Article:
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Reduce voltage of DC adapter without reducing current

Discussion in 'Electronic Basics' started by suputnic, Jun 5, 2006.

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  1. suputnic

    suputnic Guest

    The OP's problem is that he doesn't understand that in order to bump
    The current I measure is after ignition....I'm guessing that the
    somewhat crypic comment
    means that a very large current is drawn during ignition, and that the
    reversed zeners and resistors are stopping this current from being
    drawn. If so then back to the drawing board.
     
  2. suputnic

    suputnic Guest

    means that a very large current is drawn during ignition, and that the
    (replies to self)

    No actually AFAIK the zeners don't resist current flow, so stiil not
    sure why the attempt mentioned above didn't work.
     
  3. Guest

    Lucky! It's been like a furnace out here, and it's gonna get hotter.
    Are you near Auckland? Christchurch? Someday I'd love to go skiing in
    South Island...
     
  4. I would hav ethought that was obvious from the first post.... Why is
    the OP an idiot? He has a legit question... (And if it took you this
    long to figure it out, who is the idiot? :) )

    As for the OP's Q, why not use a regulator?

    http://www.onsemi.com/pub/Collateral/MC33269-D.PDF

    Look up part MC33269T-3.3G - 3.3V regulator, only needs a couple of
    caps, total cost < $1 US. WIll take nearly any reasonable DC in.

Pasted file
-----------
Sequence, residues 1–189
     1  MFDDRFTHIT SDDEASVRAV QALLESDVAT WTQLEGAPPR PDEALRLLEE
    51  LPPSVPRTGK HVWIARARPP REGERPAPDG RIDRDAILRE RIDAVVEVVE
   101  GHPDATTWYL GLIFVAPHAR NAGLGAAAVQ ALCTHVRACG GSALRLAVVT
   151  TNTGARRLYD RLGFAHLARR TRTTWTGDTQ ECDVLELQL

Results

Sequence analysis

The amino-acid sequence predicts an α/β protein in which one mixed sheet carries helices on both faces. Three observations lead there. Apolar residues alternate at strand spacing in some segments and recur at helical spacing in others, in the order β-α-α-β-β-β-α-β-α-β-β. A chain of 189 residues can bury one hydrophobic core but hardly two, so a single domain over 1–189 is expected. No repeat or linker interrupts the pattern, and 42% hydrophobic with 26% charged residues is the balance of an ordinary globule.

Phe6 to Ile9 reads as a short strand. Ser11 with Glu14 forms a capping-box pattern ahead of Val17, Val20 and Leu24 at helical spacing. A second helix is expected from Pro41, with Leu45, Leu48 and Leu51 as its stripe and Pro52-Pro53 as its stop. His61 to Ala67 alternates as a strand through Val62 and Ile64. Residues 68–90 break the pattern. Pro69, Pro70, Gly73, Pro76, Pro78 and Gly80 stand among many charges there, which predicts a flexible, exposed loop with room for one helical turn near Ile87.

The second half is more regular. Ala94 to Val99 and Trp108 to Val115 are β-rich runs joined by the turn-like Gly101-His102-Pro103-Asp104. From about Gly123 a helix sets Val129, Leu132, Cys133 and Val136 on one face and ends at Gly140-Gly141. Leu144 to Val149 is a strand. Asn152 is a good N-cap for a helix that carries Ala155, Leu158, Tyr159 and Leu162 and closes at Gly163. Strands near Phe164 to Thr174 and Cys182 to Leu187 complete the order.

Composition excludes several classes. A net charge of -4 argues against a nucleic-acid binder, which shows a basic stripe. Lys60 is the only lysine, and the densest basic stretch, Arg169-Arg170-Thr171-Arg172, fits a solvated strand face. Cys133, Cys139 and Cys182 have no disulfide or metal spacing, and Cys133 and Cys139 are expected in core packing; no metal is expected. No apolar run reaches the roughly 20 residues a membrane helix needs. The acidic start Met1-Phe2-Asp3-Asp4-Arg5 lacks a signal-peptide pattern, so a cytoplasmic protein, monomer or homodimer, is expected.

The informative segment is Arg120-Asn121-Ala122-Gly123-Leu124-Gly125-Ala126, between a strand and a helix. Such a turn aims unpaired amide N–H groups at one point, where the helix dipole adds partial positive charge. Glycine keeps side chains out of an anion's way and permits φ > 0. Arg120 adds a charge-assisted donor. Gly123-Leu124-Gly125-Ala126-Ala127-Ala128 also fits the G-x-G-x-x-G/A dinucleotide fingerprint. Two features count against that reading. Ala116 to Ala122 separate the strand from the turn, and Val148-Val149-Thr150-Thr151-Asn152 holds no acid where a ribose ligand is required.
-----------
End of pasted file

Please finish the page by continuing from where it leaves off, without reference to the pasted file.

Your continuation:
--Yan
     
  5. redbelly

    redbelly Guest

    Wasn't obvious to me. At first I thought the OP was talking about
    heating a single cup of water or something small like that. Didn't
    think about it deeply enough at first to realize a couple of 1.5V
    batteries wouldn't heat up even that small amount.

    Mark
     
  6. It just struck me as funny.... And I needed a laugh... :)
     
  7. suputnic

    suputnic Guest

    I'm in Auckland.
     
  8. suputnic

    suputnic Guest

    Thanks but I don't think any circuit with resistors is going to work,
    see the post by John Fields.


     
  9. ehsjr

    ehsjr Guest

    Oh - I thought your DC adapter was 5.9 volts.

    Here are some of the options I have tried:
    (good info snipped along with the misleading
    current measurements)

    Ok - but your current readings are meaningless.
    Not your fault - it's the nature of the circuit.
    I believe the igniter is drawing *much* higher
    current, but for brief moments. The net effect
    is that your current measurements mislead you.
    What is meaningful is the works/does not work
    observation.

    Many/most of these DC adapters have current
    capability well under 1 amp - and my bet is
    you need far more current than your adapters
    can provide. Try this: CAT# DCTX-5200 from
    http://www.allelectronics.com/

    It will give you 5 volts at up to 2 amps.
    You can put a couple of 1N540x 3 amp diodes
    in series between the adapter and the igniter
    to put the voltage in the right neighborhood.

    Ed
     
  10. Jasen Betts

    Jasen Betts Guest

    John fields knows his stuff, but look at the circuit.
    you see the resistors aren't in the path that the current must
    take to power the igniter.

    the only device blocking the current is the LM317.

    I'm fairly sure John was referring to circuits where the
    resistors are in the supply path.
     
  11. John Fields

    John Fields Guest

    ---
    22mA

    Please bottom post.

    It's not that resistors keep it from working, I'm guessing that the
    current required from the source, during ignition, is so high that
    almost anything you put in series with the igniter is going to drop
    the voltage to the point where the arc won't strike.

    Just considering that the spark will dissipate 12 watts at 12Kv, if